For a novel that few Americans seem to have read, the opening line of the prologue of L. P. Hartley's The Go-Between (1953) is surprisingly resonant and enduring: "The past is a foreign country: they do things differently there." To earlier generations human nature must have seemed constant, human experience an unbroken sequence of development, and the past verging on the present. In contrast Hartley's haunting tale of lost innocence underscores the modern experience of broken time, a paradox in which humanity is alienated from the past, yet not free from it, a past that continues to exist in and to control the subconscious. The Go-Between is a brilliant portrait of a natural and credulous childhood, a subtle meditation on memory, and an incisive critique of the self-sustaining social institutions of the landed gentry—the public school, the country house, the cricket ground, and the established church—institutions complicit in the rigid hierarchies and brutal inequities of the British class system.
The Go-Between tells the story of Leo Colston, a guileless middle-class boy of twelve who spends the summer of 1900 at Brandham Hall, the home of his school friend Marcus Maudsley. The Maudsleys, who lease Brandham from the impoverished Viscount Trimingham, graciously welcome Leo into their midst, yet their patronizing air reinforces his consciousness of being an outsider. Pressing her daughter Marian to marry the titled Trimingham and enhance the family's stature, Mrs. Maudsley is the fountainhead of anxiety and tension in the hall; indeed the imperious matron casts a restive and despotic aura over the whole household. As the story unfolds, Leo is pressed into service by the vivacious and manipulative Marian, becoming the eponymous go-between by delivering messages to and from her secret lover, the local farmer Ted Burgess. Leo quickly perceives the inappropriateness of the relationship, but in his innocence he has no grasp of sexual behavior or of the powerful emotions that control the actions and elicit the cruelty of those under the spell of sexual desire. The novel's tragic conclusion, toward which Leo is impelled by the hand of Mrs. Maudsley, results in the repression of memory and desire and in a loveless and lonely existence for Leo.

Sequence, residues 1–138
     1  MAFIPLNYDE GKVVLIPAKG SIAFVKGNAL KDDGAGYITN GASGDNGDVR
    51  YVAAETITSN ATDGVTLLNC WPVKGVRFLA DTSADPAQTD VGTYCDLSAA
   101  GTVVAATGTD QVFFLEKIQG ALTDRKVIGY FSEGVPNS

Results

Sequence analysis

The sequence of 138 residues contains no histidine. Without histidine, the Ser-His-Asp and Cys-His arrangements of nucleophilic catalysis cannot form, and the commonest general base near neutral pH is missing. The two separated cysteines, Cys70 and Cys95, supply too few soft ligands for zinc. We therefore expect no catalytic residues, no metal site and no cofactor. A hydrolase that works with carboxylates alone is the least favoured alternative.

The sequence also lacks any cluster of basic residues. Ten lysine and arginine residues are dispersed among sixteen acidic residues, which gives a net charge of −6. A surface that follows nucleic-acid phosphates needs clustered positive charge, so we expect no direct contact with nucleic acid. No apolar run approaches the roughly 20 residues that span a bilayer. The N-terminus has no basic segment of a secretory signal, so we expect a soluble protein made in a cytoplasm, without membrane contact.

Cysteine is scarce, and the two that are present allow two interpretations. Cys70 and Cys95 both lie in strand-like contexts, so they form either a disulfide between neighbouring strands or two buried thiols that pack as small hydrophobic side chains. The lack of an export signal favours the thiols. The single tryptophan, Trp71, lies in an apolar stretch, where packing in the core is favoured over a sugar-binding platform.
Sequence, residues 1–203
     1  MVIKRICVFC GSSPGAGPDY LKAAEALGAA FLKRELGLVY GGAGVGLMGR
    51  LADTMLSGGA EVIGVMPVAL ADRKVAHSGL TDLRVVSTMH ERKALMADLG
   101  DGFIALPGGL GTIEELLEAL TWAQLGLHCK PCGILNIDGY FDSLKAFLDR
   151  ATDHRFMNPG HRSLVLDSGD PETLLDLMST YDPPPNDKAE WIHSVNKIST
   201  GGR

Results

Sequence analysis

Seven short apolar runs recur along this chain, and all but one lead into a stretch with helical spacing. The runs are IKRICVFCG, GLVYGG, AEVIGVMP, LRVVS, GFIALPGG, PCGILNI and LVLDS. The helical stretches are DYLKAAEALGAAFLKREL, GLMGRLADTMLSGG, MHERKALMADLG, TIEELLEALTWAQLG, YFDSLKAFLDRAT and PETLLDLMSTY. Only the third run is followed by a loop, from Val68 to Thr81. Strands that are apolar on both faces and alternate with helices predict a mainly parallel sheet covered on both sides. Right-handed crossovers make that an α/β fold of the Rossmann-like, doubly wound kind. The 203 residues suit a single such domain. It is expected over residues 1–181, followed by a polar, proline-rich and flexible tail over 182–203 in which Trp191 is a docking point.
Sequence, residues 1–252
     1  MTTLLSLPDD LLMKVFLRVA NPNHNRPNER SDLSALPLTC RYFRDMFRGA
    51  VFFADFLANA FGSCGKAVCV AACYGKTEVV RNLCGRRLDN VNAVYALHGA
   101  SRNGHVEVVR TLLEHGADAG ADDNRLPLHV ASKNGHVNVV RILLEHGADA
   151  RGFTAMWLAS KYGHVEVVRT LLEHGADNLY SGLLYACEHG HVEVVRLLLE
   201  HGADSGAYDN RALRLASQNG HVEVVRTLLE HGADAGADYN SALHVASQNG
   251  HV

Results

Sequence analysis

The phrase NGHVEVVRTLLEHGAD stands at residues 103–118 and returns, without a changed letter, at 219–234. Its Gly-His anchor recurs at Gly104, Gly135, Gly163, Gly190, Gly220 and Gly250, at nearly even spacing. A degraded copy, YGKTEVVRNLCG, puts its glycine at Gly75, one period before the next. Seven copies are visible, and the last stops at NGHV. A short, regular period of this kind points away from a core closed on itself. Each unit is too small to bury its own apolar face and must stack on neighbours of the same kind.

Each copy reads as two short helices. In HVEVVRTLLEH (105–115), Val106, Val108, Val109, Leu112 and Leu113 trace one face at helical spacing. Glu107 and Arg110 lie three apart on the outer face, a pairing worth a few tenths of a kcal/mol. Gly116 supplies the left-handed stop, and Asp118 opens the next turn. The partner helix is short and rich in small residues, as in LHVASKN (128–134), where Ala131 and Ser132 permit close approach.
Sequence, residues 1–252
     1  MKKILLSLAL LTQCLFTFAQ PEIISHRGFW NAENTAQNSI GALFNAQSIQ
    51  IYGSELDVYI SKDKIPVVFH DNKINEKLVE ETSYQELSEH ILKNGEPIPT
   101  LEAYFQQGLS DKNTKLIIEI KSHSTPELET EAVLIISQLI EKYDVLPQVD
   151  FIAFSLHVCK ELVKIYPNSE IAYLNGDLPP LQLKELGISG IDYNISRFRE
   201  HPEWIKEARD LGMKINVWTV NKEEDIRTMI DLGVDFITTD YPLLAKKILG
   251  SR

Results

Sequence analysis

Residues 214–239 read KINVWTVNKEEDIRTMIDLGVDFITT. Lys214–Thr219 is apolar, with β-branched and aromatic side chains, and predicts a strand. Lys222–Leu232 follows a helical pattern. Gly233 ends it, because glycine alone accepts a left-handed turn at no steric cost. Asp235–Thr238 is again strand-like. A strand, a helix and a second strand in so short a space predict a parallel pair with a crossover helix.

The first-person narration—unusual for Hartley—belongs to Leo, now sixty-five years old; his unexpected discovery of a childhood diary triggers the memories of that summer—memories that, though repressed and forgotten for more than fifty years, have formed his personality and controlled his life. Leo is far from wistful or nostalgic about his recovered past. Indeed he is no crabbed and saturnine pensioner, peevishly railing against modernity [End Page lxxi] while yearning sentimentally for a pastoral Edwardian simplicity. No, Leo's quarrel is with those golden-toned days of yore; it is the past, not the present, that is most responsible for his suffering and loneliness. Following the awakening of his repressed memory, Leo blames himself for his miserable adult life—namely his ingenuous propensity as a child to invest ordinary action with mythic meaning and to paint the present in nostalgic hues. This is of course a false but highly appealing perception of reality for a child. In the novel's prologue Leo imagines having a conversation with his twelve-year-old self, whom he rebukes for transmogrifying the flawed and ignoble human beings of Brandham Hall into semi-divine figures of the zodiac. "Well, it was you who let me down," he tells his younger self, "and I will tell you how. You flew too near to the sun, and you were scorched. This cindery creature is what you made me."
This doubling of consciousness and of narrative voice—the innocent twelve-year-old's emerging from beneath the self-protective sixty-five-year-old's—is one of Hartley's most effective techniques. Animating his narrative with an adroit use of symbolism, Hartley suggests this doubling by way of Leo's only well-formed memory of the Hall. He cannot recall the façade of the house: there...